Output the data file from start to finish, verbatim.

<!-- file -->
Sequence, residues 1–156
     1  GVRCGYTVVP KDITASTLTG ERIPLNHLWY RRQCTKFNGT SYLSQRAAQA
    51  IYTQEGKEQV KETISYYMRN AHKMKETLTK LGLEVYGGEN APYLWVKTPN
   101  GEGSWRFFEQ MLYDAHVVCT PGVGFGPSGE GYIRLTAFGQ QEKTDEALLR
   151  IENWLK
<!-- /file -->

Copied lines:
Sequence, residues 1–156
     1  GVRCGYTVVP KDITASTLTG ERIPLNHLWY RRQCTKFNGT SYLSQRAAQA
    51  IYTQEGKEQV KETISYYMRN AHKMKETLTK LGLEVYGGEN APYLWVKTPN
   101  GEGSWRFFEQ MLYDAHVVCT PGVGFGPSGE GYIRLTAFGQ QEKTDEALLR
   151  IENWLK